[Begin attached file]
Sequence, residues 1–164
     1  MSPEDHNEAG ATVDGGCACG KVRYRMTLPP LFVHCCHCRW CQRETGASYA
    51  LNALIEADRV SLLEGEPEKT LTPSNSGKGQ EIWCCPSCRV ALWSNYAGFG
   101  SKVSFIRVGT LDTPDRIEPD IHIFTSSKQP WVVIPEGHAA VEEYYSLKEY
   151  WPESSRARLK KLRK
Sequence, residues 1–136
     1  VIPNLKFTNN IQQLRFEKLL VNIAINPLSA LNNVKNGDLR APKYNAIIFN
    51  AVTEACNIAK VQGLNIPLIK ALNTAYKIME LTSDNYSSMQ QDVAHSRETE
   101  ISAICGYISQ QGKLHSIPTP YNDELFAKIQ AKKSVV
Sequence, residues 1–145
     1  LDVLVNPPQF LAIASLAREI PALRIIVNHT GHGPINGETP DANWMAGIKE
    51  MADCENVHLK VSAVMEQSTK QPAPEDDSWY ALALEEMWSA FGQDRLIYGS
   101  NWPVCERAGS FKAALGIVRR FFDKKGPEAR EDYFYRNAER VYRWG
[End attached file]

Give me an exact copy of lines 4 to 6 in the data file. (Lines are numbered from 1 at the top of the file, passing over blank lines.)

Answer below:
   101  SKVSFIRVGT LDTPDRIEPD IHIFTSSKQP WVVIPEGHAA VEEYYSLKEY
   151  WPESSRARLK KLRK
Sequence, residues 1–136